of the head and body being a little more than three inches, and that of the tail being about two inches. Its snout, although long, is not quite so narrow and pointed as that of the erd shrew, and its ears are remarkably small. When it swims, it has a curious habit of spreading out its sides, so as to flatten its body as it floats upon the water" (Wood).
Another kind of shrew which frequents the water is the oared shrew, so called from the oar-like shape of the feet and tail. It is the largest of the British shrews, its total length to the tip of the tail being about five inches and a quarter. The fur on its back is sprinkled with white hairs, and that on the flanks and belly is blackish gray, tinged with yellow. On account of the general dark appearance of its fur, it is sometimes called the "black water shrew." The rustic shrew (Corsira rustica) is found in many parts of England, while in Ireland it replaces the erd shrew.
The smallest mammal known to exist is found among the shrews. This is the Etruscan shrew, and it is found in Italy. Its head and body measure only an inch and a half in length, and its tail adds about an inch more.
|A CHEMICAL PROLOGUE.|
By C. HANFORD HENDERSON,
PROFESSOR OF PHYSICS AND CHEMISTRY IN THE PHILADELPHIA MANUAL TRAINING SCHOOL.
THE human infant, during the first few weeks of its life, must be regarded simply as a bundle of possibilities. A bright light, a loud noise, an appreciable degree of heat or of cold, produce, it is true, corresponding reactions. The child blinks, or it starts, or it shrinks, and there is manifest to the most careless observer a general sense of uneasiness. But these reactions must be regarded as purely involuntary. One can not discover in any of them the presence of thought. There is no co-ordination of the faculties. The touch includes anything that may come within reach. It does not act in any way in harmony with the eye. Nor does the gaze become fixed upon any object. The eye wanders from one thing to another without really seeing anything. Similarly with the sense of hearing. Sound is a mere vibration, without any meaning whatever. If it be sufficiently loud, it makes the infant start much as a violent explosion would shake a window or rattle a pile of dishes.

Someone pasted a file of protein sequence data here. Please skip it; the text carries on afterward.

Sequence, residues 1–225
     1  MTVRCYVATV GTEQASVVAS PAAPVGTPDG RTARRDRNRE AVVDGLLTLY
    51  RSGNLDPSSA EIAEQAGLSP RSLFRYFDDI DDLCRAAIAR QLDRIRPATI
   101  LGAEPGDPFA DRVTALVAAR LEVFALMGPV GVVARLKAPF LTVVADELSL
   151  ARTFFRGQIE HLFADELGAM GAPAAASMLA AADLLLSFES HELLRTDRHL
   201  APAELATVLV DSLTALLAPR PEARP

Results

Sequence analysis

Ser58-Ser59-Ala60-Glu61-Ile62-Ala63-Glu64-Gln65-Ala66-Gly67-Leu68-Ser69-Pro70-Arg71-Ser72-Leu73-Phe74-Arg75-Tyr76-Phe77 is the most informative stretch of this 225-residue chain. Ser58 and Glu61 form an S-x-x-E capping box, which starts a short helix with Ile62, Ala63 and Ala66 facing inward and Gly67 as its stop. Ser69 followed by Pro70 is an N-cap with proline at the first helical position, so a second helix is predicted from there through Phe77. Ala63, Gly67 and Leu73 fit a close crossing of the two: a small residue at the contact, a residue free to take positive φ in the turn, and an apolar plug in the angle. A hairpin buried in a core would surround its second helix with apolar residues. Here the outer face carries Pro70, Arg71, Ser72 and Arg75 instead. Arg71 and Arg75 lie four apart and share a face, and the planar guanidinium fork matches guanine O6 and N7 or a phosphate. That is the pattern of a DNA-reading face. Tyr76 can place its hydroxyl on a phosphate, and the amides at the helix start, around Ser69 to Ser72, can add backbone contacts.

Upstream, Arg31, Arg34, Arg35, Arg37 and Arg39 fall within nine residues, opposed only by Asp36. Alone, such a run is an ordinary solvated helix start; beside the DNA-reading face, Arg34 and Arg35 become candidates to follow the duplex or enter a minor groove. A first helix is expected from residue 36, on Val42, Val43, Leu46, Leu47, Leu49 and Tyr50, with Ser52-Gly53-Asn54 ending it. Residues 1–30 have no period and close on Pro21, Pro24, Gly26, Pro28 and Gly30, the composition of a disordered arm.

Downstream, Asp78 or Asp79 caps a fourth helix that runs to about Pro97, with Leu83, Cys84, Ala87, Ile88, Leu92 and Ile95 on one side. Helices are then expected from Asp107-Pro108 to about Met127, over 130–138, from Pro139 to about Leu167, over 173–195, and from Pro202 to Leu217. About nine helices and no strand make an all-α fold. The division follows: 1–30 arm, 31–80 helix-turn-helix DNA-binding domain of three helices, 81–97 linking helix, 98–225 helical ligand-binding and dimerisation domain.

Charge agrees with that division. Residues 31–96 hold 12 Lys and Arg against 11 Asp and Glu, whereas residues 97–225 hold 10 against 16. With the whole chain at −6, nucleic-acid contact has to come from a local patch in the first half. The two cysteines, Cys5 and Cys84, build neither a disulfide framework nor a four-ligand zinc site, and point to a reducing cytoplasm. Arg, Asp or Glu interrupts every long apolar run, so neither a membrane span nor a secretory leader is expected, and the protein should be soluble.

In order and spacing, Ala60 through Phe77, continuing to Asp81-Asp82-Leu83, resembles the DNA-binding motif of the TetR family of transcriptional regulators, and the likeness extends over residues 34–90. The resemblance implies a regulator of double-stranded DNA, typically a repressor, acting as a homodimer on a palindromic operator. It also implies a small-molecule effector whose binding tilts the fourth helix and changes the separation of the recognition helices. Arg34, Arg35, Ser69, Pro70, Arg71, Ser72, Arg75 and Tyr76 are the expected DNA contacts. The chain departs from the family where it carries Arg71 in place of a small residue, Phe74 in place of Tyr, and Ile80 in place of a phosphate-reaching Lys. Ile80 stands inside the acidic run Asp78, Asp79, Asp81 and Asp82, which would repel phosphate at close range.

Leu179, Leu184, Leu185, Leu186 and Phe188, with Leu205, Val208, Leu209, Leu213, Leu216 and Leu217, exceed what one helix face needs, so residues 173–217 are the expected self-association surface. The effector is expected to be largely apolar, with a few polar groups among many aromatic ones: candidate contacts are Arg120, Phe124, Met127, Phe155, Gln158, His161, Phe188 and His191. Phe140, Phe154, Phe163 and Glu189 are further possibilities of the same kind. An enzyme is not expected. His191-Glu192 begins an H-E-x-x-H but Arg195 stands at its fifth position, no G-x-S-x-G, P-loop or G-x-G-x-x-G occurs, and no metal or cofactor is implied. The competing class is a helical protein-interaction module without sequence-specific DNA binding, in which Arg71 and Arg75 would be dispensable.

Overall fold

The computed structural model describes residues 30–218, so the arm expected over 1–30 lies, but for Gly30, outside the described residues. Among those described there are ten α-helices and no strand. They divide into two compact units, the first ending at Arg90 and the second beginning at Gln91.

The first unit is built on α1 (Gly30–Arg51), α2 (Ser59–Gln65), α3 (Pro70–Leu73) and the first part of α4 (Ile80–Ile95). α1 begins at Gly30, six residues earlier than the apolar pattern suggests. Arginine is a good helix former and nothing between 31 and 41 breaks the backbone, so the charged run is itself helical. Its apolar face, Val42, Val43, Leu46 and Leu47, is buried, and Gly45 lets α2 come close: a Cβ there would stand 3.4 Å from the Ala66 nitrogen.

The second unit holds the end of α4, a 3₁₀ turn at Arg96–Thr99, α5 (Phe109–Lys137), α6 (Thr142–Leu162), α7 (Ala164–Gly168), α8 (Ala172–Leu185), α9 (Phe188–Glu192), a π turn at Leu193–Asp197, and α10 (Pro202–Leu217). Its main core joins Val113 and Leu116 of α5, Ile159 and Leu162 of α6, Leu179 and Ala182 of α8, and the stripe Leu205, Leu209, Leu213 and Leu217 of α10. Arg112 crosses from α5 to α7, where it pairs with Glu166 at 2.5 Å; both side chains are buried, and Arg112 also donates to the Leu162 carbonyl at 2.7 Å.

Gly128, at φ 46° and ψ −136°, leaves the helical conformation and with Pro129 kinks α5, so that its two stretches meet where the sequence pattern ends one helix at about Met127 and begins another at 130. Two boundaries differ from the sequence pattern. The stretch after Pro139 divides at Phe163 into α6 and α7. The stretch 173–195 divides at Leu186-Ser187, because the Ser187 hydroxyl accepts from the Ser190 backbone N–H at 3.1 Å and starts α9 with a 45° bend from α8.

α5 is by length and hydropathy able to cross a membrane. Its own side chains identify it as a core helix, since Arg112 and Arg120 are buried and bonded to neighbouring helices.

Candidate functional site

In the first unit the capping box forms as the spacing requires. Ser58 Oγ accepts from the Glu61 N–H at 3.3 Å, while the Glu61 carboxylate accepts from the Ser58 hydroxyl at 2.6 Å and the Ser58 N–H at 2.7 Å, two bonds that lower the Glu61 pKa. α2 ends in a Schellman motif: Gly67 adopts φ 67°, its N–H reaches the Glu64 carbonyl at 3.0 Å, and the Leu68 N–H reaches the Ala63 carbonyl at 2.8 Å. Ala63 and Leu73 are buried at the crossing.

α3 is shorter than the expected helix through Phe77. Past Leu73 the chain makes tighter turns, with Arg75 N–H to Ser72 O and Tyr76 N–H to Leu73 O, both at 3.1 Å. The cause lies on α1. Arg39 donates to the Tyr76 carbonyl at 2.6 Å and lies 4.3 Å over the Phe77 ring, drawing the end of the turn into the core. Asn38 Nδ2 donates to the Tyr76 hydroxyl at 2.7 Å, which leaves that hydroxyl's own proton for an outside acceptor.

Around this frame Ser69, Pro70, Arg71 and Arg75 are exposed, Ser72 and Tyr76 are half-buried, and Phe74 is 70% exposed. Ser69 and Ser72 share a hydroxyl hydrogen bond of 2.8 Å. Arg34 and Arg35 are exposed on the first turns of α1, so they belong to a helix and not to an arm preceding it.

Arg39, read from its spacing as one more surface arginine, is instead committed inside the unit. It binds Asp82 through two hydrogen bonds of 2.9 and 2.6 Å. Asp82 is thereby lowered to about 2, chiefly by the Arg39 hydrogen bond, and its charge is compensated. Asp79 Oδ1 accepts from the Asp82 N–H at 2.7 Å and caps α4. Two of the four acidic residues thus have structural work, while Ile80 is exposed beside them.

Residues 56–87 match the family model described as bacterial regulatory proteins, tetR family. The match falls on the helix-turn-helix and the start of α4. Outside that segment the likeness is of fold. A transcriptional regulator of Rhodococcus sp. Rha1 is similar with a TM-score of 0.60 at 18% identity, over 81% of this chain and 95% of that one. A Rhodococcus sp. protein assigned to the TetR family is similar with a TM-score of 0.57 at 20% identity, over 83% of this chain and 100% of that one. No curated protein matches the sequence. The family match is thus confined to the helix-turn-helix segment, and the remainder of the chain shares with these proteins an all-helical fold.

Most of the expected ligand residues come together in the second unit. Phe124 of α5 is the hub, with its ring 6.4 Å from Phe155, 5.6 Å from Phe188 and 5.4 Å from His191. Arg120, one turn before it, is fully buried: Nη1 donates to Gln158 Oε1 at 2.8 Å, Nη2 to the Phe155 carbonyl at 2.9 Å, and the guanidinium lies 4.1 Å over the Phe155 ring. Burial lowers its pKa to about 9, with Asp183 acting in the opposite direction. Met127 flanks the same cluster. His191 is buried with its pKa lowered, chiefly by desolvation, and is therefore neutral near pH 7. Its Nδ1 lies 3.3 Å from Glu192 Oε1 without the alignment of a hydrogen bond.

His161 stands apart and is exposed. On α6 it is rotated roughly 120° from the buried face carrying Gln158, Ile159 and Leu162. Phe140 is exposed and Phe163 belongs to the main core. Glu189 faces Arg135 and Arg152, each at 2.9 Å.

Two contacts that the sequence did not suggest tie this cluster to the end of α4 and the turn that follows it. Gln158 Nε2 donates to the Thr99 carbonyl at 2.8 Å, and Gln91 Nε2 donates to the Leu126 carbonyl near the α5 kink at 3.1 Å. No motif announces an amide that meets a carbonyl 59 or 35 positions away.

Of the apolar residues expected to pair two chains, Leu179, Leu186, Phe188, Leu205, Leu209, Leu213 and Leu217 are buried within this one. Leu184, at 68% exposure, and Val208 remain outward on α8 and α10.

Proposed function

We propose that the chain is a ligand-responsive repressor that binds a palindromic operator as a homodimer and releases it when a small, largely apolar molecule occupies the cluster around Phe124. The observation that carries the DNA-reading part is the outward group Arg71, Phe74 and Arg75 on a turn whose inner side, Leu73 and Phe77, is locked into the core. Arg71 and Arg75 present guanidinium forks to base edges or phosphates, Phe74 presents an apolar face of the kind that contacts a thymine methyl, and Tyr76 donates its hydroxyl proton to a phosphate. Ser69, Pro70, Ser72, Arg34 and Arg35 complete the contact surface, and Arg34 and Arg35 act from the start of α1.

But as the weeks roll by, there comes a marked change. When the child reaches the age of three months the presence of will becomes unmistakable. The faculties begin to act in harmony with